Brain Structure and Function

, Volume 222, Issue 5, pp 2183–2192 | Cite as

Relationship among interthalamic adhesion size, thalamic anatomy and neuropsychological functions in healthy volunteers

  • Nishad R. Damle
  • Toshikazu Ikuta
  • Majnu John
  • Bart D. Peters
  • Pamela DeRosse
  • Anil K. Malhotra
  • Philip R. SzeszkoEmail author
Original Article


The interthalamic adhesion (ITA) is an understudied neuroanatomical structure that forms a bridge of tissue connecting the thalamus of each hemisphere across the midline whose functional significance remains largely unknown. The likelihood of ITA absence has been reported in some studies to be increased in males, but findings have been inconsistent. We used magnetic resonance imaging to investigate the size and absence of the ITA and their relationship to thalamic volume, putative indices of white matter integrity (fractional anisotropy and mean diffusivity) within the anterior thalamic radiation and neuropsychological functions in 233 (129 M/104 F) healthy volunteers (age range 8–68). To ensure high reliability in this study two operators independently rated the absence of the ITA and measured its size for all individuals. The ITA was absent in 4% of all individuals with no sex differences in its absence. Females had greater ITA size compared to males overall with both groups demonstrating nonlinear age-associated changes across the age range examined. ITA size among females correlated significantly with thalamus volume and lower mean diffusivity in the anterior thalamic radiation. Path modeling indicated that ITA size statistically mediated the relationship between age and attention among females. Our findings provide evidence for sex differences in ITA size across the lifespan, which are associated with the surrounding thalamic anatomy and neuropsychological functions.


Interthalamic adhesion Magnetic resonance imaging Diffusion tensor imaging Thalamus Sex effects 



This work was supported in part by Grants from the National Institute of Mental Health to Dr. Szeszko (R01 MH076995), the NSLIJ Research Institute General Clinical Research Center (M01 RR018535), an Advanced Center for Intervention and Services Research (P30 MH090590) and a Center for Intervention Development and Applied Research (P50 MH080173).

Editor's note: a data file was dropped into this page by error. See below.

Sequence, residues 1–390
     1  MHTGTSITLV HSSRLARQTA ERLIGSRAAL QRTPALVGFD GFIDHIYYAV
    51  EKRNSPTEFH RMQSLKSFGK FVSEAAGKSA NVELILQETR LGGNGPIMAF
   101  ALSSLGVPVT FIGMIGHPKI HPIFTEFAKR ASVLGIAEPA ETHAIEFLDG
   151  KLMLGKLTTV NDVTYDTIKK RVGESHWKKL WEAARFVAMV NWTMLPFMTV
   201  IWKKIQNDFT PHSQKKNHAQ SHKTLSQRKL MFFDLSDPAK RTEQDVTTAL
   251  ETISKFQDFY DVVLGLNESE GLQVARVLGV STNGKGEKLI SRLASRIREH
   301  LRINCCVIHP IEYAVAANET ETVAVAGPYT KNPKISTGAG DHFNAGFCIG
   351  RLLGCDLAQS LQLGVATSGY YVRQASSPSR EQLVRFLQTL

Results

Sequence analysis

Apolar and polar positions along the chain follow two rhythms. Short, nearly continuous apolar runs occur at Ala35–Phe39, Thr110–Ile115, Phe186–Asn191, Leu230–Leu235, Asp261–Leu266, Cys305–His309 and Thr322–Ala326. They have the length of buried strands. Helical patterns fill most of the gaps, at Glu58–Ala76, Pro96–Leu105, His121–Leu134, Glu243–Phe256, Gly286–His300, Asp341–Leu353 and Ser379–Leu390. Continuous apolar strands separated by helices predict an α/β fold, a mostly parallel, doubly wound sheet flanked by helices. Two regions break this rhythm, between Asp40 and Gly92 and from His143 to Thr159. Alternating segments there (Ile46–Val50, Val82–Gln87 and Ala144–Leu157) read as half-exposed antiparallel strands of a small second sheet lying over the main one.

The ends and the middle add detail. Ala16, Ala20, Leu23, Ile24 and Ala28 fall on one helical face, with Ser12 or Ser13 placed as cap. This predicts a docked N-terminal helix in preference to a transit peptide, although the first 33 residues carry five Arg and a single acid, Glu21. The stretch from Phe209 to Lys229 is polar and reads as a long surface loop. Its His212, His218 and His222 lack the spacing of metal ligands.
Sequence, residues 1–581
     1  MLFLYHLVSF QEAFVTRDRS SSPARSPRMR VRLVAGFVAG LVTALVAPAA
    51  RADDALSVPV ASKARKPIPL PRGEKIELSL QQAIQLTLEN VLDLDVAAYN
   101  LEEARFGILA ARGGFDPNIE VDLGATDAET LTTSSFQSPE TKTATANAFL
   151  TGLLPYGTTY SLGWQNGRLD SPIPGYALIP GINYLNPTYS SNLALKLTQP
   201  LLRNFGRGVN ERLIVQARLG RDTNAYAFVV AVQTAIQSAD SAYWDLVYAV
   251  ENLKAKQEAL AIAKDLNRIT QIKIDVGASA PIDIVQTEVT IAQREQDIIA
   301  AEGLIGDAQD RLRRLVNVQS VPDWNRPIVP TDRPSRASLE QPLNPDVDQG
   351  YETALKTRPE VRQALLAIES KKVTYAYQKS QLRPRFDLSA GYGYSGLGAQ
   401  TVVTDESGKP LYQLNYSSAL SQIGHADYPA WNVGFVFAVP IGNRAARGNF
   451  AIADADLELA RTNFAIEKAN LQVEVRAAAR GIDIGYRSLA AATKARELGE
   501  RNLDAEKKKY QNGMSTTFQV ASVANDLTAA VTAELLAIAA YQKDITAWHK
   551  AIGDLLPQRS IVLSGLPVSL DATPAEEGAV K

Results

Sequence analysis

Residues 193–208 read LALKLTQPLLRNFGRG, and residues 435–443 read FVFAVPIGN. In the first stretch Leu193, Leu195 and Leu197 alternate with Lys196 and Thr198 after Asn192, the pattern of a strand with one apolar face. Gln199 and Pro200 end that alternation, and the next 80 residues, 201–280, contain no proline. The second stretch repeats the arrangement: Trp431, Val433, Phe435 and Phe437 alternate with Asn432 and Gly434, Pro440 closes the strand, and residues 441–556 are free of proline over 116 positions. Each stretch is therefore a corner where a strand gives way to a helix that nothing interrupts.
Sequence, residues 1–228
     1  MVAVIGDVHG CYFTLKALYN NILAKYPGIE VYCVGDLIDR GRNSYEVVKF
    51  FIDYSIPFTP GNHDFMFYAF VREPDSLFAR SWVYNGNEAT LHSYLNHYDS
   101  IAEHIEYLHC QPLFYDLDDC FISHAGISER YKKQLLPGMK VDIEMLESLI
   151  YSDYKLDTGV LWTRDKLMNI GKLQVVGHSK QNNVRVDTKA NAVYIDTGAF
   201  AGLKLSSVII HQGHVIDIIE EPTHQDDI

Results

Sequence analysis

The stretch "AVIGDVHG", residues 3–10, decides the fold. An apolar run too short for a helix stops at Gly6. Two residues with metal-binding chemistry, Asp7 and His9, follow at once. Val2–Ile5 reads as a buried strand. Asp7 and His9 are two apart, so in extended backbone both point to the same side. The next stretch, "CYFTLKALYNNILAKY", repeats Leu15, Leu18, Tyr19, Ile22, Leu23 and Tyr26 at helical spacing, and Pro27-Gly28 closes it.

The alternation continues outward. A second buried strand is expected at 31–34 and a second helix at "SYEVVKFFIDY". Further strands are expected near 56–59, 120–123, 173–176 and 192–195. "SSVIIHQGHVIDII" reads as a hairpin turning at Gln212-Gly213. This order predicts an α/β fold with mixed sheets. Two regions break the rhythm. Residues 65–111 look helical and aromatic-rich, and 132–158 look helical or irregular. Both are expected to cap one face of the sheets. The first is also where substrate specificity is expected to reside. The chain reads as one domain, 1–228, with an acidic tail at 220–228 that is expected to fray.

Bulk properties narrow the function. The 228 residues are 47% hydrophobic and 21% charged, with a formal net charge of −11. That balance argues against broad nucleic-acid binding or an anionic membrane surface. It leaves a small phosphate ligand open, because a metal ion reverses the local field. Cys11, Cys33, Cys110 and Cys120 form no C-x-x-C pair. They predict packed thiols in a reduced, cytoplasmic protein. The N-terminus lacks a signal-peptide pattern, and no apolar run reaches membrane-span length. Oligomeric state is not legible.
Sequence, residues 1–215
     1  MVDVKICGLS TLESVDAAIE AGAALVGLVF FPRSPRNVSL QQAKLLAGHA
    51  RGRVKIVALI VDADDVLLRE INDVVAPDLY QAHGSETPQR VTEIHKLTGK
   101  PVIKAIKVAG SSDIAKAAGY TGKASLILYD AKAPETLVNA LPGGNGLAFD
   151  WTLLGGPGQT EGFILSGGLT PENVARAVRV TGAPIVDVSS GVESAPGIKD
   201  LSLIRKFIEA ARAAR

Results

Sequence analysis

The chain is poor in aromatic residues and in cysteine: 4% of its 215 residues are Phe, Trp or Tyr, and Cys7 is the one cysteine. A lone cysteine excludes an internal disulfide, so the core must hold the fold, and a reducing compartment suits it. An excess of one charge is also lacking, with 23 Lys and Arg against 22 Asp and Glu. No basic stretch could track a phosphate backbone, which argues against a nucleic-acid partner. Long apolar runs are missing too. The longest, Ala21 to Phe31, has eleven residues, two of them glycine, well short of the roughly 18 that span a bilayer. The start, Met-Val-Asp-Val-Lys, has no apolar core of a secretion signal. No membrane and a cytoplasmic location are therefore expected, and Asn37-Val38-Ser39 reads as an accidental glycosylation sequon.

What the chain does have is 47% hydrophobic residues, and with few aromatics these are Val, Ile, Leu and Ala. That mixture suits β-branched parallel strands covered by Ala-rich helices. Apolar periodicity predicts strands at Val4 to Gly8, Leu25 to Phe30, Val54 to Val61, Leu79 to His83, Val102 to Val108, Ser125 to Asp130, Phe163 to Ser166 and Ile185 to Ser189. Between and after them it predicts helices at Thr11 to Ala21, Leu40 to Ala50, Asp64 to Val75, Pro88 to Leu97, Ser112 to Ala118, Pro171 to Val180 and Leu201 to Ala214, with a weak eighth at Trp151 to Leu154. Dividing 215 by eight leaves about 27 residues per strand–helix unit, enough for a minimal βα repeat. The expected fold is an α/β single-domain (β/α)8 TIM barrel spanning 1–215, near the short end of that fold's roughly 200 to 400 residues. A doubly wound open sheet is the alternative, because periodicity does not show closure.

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Copyright information

© Springer-Verlag Berlin Heidelberg 2016

Authors and Affiliations

  • Nishad R. Damle
    • 1
  • Toshikazu Ikuta
    • 2
  • Majnu John
    • 3
    • 4
    • 5
  • Bart D. Peters
    • 3
    • 4
  • Pamela DeRosse
    • 3
    • 4
    • 6
  • Anil K. Malhotra
    • 3
    • 4
    • 6
  • Philip R. Szeszko
    • 7
    • 8
    Email author
  1. 1.Purdue UniversityWest LafayetteUSA
  2. 2.Department of Communication Sciences and Disorders, School of Applied SciencesUniversity of MississippiOxfordUSA
  3. 3.Psychiatry ResearchZucker Hillside HospitalGlen OaksUSA
  4. 4.Center for Psychiatric NeuroscienceThe Feinstein Institute for Medical ResearchManhassetUSA
  5. 5.Department of MathematicsHofstra UniversityHempsteadUSA
  6. 6.Departments of Psychiatry and Molecular MedicineHofstra Northwell School of MedicineHempsteadUSA
  7. 7.James J. Peters Veterans Affairs Medical CenterMental Health Care CenterBronxUSA
  8. 8.Department of PsychiatryIcahn School of Medicine at Mount SinaiNew YorkUSA

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